Asylum Seekers must be treated humanely
Asylum seekers must be treated humanely - from Jesuit Social Services, 26 July 2013
In recent weeks, we have seen the Australian Government and Opposition introduce new policies with regard to asylum seekers. Jesuit Social Services has been concerned for some time at the way asylum seekers are being treated and our concerns have only been strengthened by these recent announcements. A range of reasons has been posited for these policies, including continuing numbers of asylum seekers arriving by boat, tragic accidents at sea in which lives have been lost, and the desire of political parties to present a response to this issue that can be taken to the upcoming federal election. In our view, much of this misses the point.
Jesuit Social Services insists that at the heart of our thinking and debate on this issue must be an understanding of all asylum seekers as human beings and a commitment to treating them with respect for their human dignity no matter what the circumstances of their arrival in this country. Our treatment of asylum seekers must stem from a recognition of their inherent human dignity and be consistent with the United Nations Convention on the Status of Refugees. To use them as political pawns is a desperate failure of vision and policy.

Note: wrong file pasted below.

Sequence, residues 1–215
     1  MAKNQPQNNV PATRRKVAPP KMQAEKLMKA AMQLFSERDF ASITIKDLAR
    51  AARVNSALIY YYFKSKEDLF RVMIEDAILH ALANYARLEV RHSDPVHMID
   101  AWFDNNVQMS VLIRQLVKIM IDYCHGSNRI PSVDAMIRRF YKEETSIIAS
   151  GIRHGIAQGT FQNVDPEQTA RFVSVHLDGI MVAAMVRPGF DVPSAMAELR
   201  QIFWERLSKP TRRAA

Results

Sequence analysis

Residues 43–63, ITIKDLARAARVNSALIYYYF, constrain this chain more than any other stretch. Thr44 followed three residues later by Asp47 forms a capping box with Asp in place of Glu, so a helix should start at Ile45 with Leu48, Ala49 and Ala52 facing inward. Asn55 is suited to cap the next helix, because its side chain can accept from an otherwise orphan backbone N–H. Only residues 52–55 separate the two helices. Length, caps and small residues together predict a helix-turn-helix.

Jesuit Social Services does not believe that pushing boats back or sending asylum seekers to Papua New Guinea are actions consistent with their human dignity. Papua New Guinea is not capable of coping with such influxes in an acceptable humanitarian way. Nor do we believe that it would be ethical to treat one group of people in this way in order to save the lives of others.
View this song below by hip hop artist and tutor from the Artful Dodgers Studios (part of Jesuit Community College) Pataphysics, as a contemporary way to understand the issues. It reminds us of the need to remember that fundamentally this issue is about human beings fleeing conflict and persecution. http://www.youtube.com/watch?v=f7c4RkLv5zA&feature=player_embedded